I alluded to a topic in my last post that I’d like to delve into a little more. It is this: searching and seeking out whole truth. I’d like to pick up that theme by highlighting a trap we often fall into in our public life, a phenomenon social scientists call confirmation bias.

Under Confirmation bias, decision makers seek out and assign more weight to evidence confirming their hypotheses, and ignore or don’t fully consider evidence negating their hypotheses. In public discussions, confirmation bias plagues us by saddling us with self-fulfilling social, political, and racial prejudices. Investigators and journalists often perpetuate confirmation bias by framing data in ways that confirm their views and personal conclusions. One example may be the many theories on the assassination of President John F. Kennedy, that to this day still stir controversy; or television news programs where the producer chooses “expert guests” based on whether the guest shares the producer’s political and social opinions. Is this not a mockery of our sacred and cherished freedom of the press?

I want to focus on what this means for the individual on their own personal journey in seeking truth. I believe that this generation is by far the most active when it comes to researching topics and simply being aware of what is happening in the world around them. However, this also makes confirmation bias extremely dangerous, making everybody guilty of it at one point or another. Anyone remember that ancient verse, “Seek and ye shall find, knock and it shall be opened unto you.”? There is great wisdom in those words.

People: the internet has been around long enough to prove and disprove absolutely EVERYTHING. If I was so inclined, I could find articles on how eating fruits and vegetables is bad for your health, and drinking water is not as effective for hydrating your body as drinking Gatorade. Now, I hope everyone reading this realises how ridiculous those two statements are, but they WILL be published somewhere as FACT. This to me is terrifying, but there is something else I find far more infuriating.

Often, I have lengthy conversations with individuals who have certain concerns or challenges. After listening carefully, I will sometimes recommend they look into a specific topic that I have found very helpful for either myself or others going through the same struggles. Later, in a follow up conversation, a common response is “I did some research, I’m not interested in your solution.” Wait… What? What do you mean you’ve done some research? I gave you something to try, that could change your life, won’t cost you a thing, won’t inconvenience your life or even take much time… What possible research could you have done that would simply erase the possibility from your life?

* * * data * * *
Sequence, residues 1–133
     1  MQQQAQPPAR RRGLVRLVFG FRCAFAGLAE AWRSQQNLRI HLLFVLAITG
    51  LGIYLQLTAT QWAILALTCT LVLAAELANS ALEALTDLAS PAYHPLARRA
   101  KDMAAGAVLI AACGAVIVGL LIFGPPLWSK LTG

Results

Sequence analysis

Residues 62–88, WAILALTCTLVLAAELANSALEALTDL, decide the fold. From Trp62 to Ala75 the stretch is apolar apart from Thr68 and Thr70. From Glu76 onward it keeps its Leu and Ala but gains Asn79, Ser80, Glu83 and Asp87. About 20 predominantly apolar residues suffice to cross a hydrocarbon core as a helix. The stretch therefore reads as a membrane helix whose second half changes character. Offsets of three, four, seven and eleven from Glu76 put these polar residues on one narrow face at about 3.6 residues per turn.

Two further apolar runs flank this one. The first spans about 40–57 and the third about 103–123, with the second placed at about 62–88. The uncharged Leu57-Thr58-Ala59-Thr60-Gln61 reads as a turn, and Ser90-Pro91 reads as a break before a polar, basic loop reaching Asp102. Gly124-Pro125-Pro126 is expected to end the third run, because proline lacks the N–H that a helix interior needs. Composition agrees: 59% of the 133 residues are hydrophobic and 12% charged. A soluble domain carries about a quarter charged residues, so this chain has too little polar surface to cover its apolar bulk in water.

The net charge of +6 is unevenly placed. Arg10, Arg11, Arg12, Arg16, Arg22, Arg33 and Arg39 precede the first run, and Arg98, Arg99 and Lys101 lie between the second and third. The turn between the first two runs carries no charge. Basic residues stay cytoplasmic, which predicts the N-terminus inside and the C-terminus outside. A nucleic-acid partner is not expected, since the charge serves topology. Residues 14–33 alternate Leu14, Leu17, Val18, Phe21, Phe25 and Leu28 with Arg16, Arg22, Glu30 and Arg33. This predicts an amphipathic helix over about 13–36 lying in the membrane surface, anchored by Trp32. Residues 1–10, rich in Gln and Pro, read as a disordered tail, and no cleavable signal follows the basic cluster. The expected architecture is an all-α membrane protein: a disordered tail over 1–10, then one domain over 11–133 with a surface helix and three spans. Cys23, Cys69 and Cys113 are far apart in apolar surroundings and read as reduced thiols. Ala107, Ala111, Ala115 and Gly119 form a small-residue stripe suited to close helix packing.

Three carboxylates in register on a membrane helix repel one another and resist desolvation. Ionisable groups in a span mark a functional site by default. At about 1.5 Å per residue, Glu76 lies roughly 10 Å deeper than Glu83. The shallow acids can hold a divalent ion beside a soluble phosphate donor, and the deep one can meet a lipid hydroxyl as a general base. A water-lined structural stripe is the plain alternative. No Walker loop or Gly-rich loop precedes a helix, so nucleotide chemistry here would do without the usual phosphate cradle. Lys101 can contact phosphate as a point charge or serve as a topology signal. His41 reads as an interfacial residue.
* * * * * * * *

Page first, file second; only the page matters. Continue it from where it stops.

I remember recently doing this for someone and getting that response, including some details that seemed potent, pointing to the “obvious, science-backed evidence” that what I had proposed would not AND could not work. I was a little troubled, to say the least, and searched the same terms on Google. What I found made my eyes POP. Out of all the search results available on the subject, EVERY SINGLE link that came up sang praises to this amazing revolutionary method. But right there, third from the top, the ONLY negative result on google I could find – quoted, word for word, was this friend’s conclusion. Are you kidding me? Out of the flood of positive information, you picked out the SINGLE garbage article that would back your own lack of belief?

Oh right. You’re a “skeptic”. Wake up call; You’re not a skeptic, you’re a mindless drone using confirmation bias to support your own negativity. Too harsh? Oops. (Don’t worry, I’m not using my blog to vent about this behind this person’s back. I told them this same thing on the phone.)

To find truth, one needs to look at all sides of an issue, formulate some sort of educated opinion, and then put it to the test.

Here is my challenge though – you ready?

You remember that hilarious Jim Carrey movie, “Yes Man”? If you haven’t seen it, the premise is Carl Allen is at a standstill. No future… Until the day he enrols in a personal development program based on a very simple idea: say yes to everything! Carl discovers with amazement the magical power of “Yes”, and sees his professional and romantic life turned upside down overnight: an unexpected promotion and a new girlfriend. Yes, I know, the overall message of the movie is that while good can be better’s enemy, and seizing the day can bring happiness, not all opportunities should be taken senselessly. However, the general idea we get goes hand in hand with my challenge to you.

Focus on yes. By yes, I mean happiness, positivity, and love. Embrace wonderful possibilities  and opportunities in your life. I promise, the only thing standing between you and everything you have ever wanted out of life is you. In the world we live in today, there is absolutely nothing that can stop you from achieving what you want to achieve. I have seen truly overwhelming odds overcome by the seemingly smallest and hardest-done-by of people.

There IS something you have to offer this world. It’s not fair that we don’t get to see it because you are afraid. Fear is the Big Enemy, and that’s a topic for another day. Stay tuned!

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